Lockdown Recipe of the Day: French Onion Soup
To make a good French onion soup, you need to take lots and lots of time. Roast the onions very slowly for hours and hours, the longer the better. The key to a great French 0nion soup: Caramelisation.
Onions are to many dishes as a tyre is to a car, or a wing to a Boeing. It’s there, it must be there, and most of the time you don’t even notice it’s there, but you’d sure as hell notice if it wasn’t. Without the metaphorical onion, the car would collapse to the tarmac and be rendered useless, a morose heap of self-pitying metal.
There are few dishes, outside of a dessert, in which I will not use the humble onion. You need it in a thousand soups, a million sauces, any number of stews, casseroles, tagines, stir-fries and curries. Chinese cuisine would be half of itself without the spring onion. French cuisine would have to be reinvented.
It would be easy to just cook some sliced onions in butter or oil for 20 minutes and then develop it into a soup and grandly proclaim it to be “French onion soup”, but it would not be.
Another trick when making French onion soup is to love those dark, hard, treacly bits that collect at the bottom of the roasting pan when you have cooked and cooked and cooked, because the more flavour you can gather in this long process, the better your soup is going to be.
4 large onions
3 Tbs butter
Salt to taste
4 or 5 thyme sprigs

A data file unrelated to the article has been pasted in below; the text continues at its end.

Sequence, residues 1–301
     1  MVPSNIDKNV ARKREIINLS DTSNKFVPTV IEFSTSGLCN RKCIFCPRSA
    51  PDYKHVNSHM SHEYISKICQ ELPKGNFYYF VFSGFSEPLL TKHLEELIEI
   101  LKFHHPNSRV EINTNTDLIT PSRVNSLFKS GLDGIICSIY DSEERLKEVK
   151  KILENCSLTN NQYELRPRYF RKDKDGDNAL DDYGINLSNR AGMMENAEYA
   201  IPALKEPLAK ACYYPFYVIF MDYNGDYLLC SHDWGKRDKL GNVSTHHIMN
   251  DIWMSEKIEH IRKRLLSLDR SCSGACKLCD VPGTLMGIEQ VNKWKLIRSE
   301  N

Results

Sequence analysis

3 garlic cloves, unpeeled
3 cups water
1 cup beef stock (please use liquid stock rather than a cube)
1 cup chicken stock (ditto)
Salt and pepper to taste
4 slices baguette
3 Tbs sherry
1 cup (250 ml) Gruyère cheese, grated
First, peel your whole onions, slice them in half, salt them lightly, and place them in a roasting pan with three tablespoons butter, and roast in a 180ºc oven. Watch their progress. When the onions have attained a caramelised brown hue and are soft, add a cup of water, scrape up the bits at the bottom of the pan, and put them back in again to repeat the process.
Do this three times over a period of three or four hours (even five), and you will end up with onions and a phenomenal amount of flavour. An hour before roasting is complete, add the garlic in its husks.
Now remove them to a heavy pot, scrape up everything you can and add that to the pot. Add a cup each of beef stock and chicken stock, add the thyme, more water if you like, and bring to a simmer.
Use a knife to cut up the onions into pieces manageable for eating, but it need not be pretty and perfectly apportioned. Squeeze out the contents of the garlic into the pot. Check for seasoning and season with salt and pepper to taste. Cool to room temperature and then cover and refrigerate until needed. This is best made a day or even two days ahead.
An hour before you’re ready to serve your soup, bring to room temperature. Lightly toast the baguette slices. Heat the soup, add the sherry, cook for a minute, ladle into bowls and place a round of toasted baguette atop each. Grate Gruyère and sprinkle on top. Place in the middle of a 170ºc to 180ºc oven and heat through (about 30 minutes), allowing the cheese to melt. DM/TGIFood
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This recipe is adapted from one first published in Tony Jackman’s book, foodSTUFF (Human & Rousseau)